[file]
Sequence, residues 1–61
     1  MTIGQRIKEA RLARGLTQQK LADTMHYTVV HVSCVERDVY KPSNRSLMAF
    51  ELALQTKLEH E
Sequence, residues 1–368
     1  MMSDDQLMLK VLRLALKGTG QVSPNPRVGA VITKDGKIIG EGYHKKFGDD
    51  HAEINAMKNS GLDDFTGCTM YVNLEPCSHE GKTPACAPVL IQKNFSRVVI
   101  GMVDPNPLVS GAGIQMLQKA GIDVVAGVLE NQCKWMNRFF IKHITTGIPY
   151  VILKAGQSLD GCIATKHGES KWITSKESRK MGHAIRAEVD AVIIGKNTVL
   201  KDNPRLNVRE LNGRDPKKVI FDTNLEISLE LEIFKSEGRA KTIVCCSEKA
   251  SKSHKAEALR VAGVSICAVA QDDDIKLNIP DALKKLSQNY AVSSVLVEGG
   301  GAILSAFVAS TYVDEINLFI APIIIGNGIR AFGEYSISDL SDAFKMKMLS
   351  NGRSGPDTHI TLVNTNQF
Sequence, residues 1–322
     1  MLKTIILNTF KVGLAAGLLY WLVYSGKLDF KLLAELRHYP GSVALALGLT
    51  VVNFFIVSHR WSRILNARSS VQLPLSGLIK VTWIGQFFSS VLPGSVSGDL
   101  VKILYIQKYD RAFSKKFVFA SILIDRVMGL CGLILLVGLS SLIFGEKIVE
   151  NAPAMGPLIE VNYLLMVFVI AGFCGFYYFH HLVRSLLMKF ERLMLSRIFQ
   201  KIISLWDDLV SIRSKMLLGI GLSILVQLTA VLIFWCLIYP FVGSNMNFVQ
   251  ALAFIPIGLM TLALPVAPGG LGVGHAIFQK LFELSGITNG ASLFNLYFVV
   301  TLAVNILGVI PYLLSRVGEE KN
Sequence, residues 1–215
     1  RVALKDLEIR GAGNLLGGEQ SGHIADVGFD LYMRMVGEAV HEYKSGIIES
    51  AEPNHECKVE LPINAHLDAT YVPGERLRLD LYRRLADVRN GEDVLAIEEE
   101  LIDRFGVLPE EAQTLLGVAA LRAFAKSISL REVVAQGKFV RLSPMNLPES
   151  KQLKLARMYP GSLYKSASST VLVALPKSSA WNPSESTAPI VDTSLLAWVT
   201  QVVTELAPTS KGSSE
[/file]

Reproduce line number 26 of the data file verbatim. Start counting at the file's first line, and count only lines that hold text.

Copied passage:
   201  QVVTELAPTS KGSSE